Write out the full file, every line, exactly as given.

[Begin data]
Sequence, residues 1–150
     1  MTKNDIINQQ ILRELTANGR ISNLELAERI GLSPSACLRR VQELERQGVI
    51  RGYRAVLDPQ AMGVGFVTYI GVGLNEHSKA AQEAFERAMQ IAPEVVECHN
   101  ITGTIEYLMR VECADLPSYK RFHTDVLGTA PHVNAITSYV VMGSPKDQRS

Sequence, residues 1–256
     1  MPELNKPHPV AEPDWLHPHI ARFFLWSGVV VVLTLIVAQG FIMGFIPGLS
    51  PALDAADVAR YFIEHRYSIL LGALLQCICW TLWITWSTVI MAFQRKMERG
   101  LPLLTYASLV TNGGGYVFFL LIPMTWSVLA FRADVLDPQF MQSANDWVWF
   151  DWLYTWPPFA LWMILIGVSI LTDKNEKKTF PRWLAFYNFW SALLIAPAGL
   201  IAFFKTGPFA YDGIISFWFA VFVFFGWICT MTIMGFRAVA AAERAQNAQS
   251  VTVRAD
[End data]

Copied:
Sequence, residues 1–150
     1  MTKNDIINQQ ILRELTANGR ISNLELAERI GLSPSACLRR VQELERQGVI
    51  RGYRAVLDPQ AMGVGFVTYI GVGLNEHSKA AQEAFERAMQ IAPEVVECHN
   101  ITGTIEYLMR VECADLPSYK RFHTDVLGTA PHVNAITSYV VMGSPKDQRS

Sequence, residues 1–256
     1  MPELNKPHPV AEPDWLHPHI ARFFLWSGVV VVLTLIVAQG FIMGFIPGLS
    51  PALDAADVAR YFIEHRYSIL LGALLQCICW TLWITWSTVI MAFQRKMERG
   101  LPLLTYASLV TNGGGYVFFL LIPMTWSVLA FRADVLDPQF MQSANDWVWF
   151  DWLYTWPPFA LWMILIGVSI LTDKNEKKTF PRWLAFYNFW SALLIAPAGL
   201  IAFFKTGPFA YDGIISFWFA VFVFFGWICT MTIMGFRAVA AAERAQNAQS
   251  VTVRAD